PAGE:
1. The first step after opening the Chrome browser is to click the “Customize and control Google Chrome” button in the top-right corner of the screen, followed by clicking the “Settings” button. If you’d like to use shortcut keys, press “Alt” and “E” to bring up the menu, and use the “S” key afterward to get to the next step.
2. As soon as you’ve tapped into the “Settings” section, the area that you’ll automatically be taken to within the latter is “You and Google.” Click the “Sync and Google services” button to move forward here.
3. Now that you’re in the “Sync and Google services” area, you’ll observe different sync-related features to get into. Let’s take this one step at a time so it’s easier for you to absorb everything that’s about to come. The first thing you must check is whether the sync feature has been enabled in the first place. If it is, you will notice the green-colored sync icon in one corner of your profile photo at the top of the page.
If not, you’ll see an option to turn on sync and several details where Google explains the benefits of enabling this functionality. Moreover, feel free to look into the “Other Google services” area now that you’re in the section to enjoy some of the other features of Chrome simultaneously. Please note that you must sign into your account after attempting to toggle the sync functionality.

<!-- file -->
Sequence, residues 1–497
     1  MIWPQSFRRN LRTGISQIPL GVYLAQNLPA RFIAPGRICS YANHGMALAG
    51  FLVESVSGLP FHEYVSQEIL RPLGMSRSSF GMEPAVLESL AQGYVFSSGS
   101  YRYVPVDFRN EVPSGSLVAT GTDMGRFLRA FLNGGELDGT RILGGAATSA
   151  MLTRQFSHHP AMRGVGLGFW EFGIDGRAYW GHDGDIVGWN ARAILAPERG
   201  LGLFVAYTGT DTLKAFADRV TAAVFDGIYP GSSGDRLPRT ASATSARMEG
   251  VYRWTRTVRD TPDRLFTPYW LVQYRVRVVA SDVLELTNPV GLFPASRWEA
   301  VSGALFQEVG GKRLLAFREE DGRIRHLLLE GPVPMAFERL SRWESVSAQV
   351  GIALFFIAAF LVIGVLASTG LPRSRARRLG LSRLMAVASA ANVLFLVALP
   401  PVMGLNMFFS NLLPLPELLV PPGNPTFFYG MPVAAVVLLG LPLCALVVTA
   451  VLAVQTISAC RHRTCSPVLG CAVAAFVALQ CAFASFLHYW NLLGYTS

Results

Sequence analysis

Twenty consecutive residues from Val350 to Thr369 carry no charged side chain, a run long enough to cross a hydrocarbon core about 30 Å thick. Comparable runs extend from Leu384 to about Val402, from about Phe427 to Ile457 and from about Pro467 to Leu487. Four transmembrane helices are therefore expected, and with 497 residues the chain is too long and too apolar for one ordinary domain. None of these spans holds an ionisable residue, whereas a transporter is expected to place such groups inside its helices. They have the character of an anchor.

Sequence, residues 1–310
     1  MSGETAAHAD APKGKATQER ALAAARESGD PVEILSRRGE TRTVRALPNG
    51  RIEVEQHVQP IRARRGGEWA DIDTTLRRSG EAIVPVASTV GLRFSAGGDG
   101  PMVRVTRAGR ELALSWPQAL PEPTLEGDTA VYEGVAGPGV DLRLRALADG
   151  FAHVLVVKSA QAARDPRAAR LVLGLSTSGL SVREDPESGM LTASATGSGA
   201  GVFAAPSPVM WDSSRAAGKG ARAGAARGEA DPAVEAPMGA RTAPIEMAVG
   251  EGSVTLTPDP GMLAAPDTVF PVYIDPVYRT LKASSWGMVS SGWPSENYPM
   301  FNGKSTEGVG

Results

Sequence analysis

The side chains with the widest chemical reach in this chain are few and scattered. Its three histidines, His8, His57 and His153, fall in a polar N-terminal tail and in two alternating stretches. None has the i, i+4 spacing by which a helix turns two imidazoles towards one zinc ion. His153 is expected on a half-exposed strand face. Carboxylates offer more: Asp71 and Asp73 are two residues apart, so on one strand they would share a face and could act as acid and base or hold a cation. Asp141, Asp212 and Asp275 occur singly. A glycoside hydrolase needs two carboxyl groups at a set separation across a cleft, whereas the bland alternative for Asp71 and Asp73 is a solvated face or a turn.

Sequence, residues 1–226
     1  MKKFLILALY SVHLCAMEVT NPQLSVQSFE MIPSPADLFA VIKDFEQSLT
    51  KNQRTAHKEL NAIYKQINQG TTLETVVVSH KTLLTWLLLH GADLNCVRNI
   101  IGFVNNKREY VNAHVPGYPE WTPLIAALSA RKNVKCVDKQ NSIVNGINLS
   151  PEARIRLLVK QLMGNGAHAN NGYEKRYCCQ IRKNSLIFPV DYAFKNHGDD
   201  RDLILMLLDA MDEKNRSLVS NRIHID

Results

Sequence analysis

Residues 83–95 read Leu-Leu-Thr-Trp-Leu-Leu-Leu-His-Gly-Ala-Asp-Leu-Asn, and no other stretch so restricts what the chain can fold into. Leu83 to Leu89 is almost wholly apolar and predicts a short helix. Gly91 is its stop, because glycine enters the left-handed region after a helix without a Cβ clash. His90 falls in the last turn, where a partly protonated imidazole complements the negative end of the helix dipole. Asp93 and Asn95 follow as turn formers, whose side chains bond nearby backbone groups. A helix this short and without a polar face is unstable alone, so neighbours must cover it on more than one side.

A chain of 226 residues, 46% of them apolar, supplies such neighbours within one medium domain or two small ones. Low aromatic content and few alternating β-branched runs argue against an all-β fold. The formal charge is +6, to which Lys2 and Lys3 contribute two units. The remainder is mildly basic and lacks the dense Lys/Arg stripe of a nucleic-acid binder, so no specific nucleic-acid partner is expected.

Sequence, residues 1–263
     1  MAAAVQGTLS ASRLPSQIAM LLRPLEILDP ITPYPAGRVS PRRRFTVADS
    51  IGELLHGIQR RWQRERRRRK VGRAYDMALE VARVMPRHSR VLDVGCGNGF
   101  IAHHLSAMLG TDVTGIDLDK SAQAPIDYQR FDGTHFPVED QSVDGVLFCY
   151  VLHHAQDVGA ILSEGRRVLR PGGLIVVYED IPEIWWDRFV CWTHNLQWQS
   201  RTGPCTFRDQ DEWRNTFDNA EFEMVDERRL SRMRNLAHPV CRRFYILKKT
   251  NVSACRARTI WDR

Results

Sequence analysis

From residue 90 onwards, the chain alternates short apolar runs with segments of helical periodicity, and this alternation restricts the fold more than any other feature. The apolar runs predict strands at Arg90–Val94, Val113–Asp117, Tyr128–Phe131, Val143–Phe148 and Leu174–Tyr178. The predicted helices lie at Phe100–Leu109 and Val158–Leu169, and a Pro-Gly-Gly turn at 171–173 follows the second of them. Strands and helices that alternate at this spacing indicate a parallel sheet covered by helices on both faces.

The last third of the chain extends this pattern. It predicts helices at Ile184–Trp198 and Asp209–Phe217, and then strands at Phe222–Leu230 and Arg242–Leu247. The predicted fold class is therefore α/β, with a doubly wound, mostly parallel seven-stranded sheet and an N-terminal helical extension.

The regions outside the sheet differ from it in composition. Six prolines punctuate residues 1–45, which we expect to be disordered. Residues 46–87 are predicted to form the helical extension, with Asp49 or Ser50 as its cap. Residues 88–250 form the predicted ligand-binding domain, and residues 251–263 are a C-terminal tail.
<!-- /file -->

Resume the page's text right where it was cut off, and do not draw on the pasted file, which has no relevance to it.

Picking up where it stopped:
4. To continue systematically after enabling sync in the Chrome browser, click the “Manage what you sync” subsection.
5. A list of different items should surface on your end now, allowing you to go through the different parameters that can be synced to the cloud thanks to the footprint of your Google profile. By default, there are two settings that Chrome puts forth here—”Sync everything” and “Customize sync.” The former does exactly what its name suggests, while the latter lets you control the type of data stored securely, so when you log into another device, that parameter is not lost.
6. If you’re syncing data for the first time, allow some time for the browser to back up your data. In the meantime, go back to the previous page and look into the encryption options available for your safekeeping. You can encrypt the passwords you’ve saved with your Google account or opt for a sync passphrase by clicking on the relevant option. This is a robust method to safeguard your data and ensure anything sensitive does not fall into the wrong hands.
7. By this step, your data should be synced by now, so it’s logical for you to review exactly what has been synced. Back on the “Sync and Google services” page, click the “Review your synced data” option, and you can open a new tab in the Chrome browser.
8. You should now be able to visualize a list of items about your profile synced to the cloud across all your devices. At this point, you can log in on any PC or phone and find that the same data has carried over from your previous device to the new one. Google keeps the browser’s usability pretty seamless thanks to the sync feature.
A word on security
You need to note that while the sync feature is thoroughly convenient for users and thoughtful from the developers’ side, it can sometimes function as a double-edged sword, but only if you’re not careful. Google recommends not to use the tool on devices you do not own. For instance, if you’re using a public computer, try not to sign in with your Google account unless it’s urgent and an absolute necessity.